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Alan And Ruth BARRETT-DANES

Cabbage with figures c995 Alan And Ruth BARRETT-DANES
Cabbage with figures
c995
Cabbage Kingdom IV c1003 Alan And Ruth BARRETT-DANES
Cabbage Kingdom IV
c1003
Cabbage head with figure c954 Alan And Ruth BARRETT-DANES
Cabbage head with figure
c954
Armchair figure c983 Alan And Ruth BARRETT-DANES
Armchair figure
c983
Cabbage with figures c953 Alan And Ruth BARRETT-DANES
Cabbage with figures
c953

Dates: Alan. 1935-2004, Ruth b. 1940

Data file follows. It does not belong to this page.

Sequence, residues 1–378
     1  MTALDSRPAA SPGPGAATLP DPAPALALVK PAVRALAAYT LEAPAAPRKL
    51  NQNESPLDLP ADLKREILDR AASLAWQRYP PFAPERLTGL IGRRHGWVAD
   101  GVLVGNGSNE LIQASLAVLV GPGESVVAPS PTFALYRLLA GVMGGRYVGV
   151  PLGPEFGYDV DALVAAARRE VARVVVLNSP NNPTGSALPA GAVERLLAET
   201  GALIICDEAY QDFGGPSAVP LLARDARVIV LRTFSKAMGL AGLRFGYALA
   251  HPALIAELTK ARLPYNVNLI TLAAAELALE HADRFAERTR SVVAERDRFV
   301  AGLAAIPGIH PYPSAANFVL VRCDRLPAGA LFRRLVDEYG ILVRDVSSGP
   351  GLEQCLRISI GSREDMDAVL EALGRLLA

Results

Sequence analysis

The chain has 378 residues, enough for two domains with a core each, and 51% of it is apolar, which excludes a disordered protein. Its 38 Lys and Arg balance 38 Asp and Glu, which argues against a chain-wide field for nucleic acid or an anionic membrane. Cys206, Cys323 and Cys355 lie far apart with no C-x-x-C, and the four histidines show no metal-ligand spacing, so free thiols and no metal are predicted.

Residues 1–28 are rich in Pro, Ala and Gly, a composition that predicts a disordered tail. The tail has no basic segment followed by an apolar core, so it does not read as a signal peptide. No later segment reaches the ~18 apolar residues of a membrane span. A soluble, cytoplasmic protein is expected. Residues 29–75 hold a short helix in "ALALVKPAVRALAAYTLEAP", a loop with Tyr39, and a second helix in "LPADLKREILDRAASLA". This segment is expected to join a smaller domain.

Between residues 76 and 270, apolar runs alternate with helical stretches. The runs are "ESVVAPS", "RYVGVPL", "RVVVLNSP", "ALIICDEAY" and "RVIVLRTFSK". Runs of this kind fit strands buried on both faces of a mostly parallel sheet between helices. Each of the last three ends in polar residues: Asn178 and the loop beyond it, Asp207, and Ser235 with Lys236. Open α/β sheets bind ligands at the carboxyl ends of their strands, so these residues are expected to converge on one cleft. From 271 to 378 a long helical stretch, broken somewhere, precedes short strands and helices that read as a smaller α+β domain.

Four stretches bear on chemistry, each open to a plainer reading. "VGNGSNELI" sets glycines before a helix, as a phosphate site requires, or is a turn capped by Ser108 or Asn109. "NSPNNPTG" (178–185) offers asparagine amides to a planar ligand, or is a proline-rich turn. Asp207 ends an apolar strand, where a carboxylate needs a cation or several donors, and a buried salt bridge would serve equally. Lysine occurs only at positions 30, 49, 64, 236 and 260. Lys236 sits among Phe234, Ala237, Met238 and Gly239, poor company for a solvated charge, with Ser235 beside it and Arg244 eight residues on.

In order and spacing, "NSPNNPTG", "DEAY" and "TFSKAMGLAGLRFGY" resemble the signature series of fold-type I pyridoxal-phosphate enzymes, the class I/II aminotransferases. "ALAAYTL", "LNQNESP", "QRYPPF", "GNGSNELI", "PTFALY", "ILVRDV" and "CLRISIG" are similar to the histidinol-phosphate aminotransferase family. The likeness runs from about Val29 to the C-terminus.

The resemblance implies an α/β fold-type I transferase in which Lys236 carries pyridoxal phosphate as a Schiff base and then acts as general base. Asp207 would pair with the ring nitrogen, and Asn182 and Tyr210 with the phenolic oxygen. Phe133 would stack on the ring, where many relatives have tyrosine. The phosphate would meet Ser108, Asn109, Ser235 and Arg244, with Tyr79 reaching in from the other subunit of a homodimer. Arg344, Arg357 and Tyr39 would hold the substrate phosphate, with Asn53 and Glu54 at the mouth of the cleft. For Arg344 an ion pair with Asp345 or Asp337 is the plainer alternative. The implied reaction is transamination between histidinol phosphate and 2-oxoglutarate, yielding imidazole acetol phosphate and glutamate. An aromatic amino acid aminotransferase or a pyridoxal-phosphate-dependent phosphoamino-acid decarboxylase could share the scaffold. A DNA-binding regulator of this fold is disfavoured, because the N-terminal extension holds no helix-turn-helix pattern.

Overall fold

For Alan Barrett-Danes, whose family had worked at the Upchurch pottery in Kent, his move from industrial pottery to studio pottery was seen as a betrayal to his working class background. He had become disheartened with his work as a designer in the potteries in Stoke-on-Trent, and moved to Wales when he was offered a teaching position as a lecturer at Cardiff in the mid 1960s. Ruth who had trained in illustration, got a job as an arts and crafts tutor in a hospital, training students to become occupational therapists. When they moved to Wales, Alan particularly became enchanted with slugs and fungi in soil ecosystems encountered on their walks at The Wenalt in Cardiff, and initially made some work around this theme. Ruth also started to experiment with ceramics as she was enthused by the attitudes and ideas of the younger generation of students in Cardiff, with whom she came in to contact with through Alan.  In the mid 1970s, they began to work together and made a series of work called Cabbage Kingdoms making sculptural pieces of figures modelled by Ruth, emerging from thrown pieces by Alan. The contrast of Ruth’s figures “dynamic, struggling, nightmarish” enveloped in Alan’s delicate lustred forms, invited comparisons of their work to Hieronymus Bosch (1450-1516), William Blake (1757-1827), Richard Dadd (1817-1876) and Mervyn Peake (1911-1978). Ruth eventually found it uncomfortable to impose on Alan’s shapes, and he equally found it hard to anticipate forms she could work with, therefore, it was a natural and mutual decision to make independent work. Alan made ‘pelican’ pots influenced by his Grandfather; these were small pots and jugs, decorated with luster, while Ruth made dancing animal figures which received international acclaim in the late 1980s. She rejoined Alan after his retirement, this time decorating his domestic ware with figurative illustrations.

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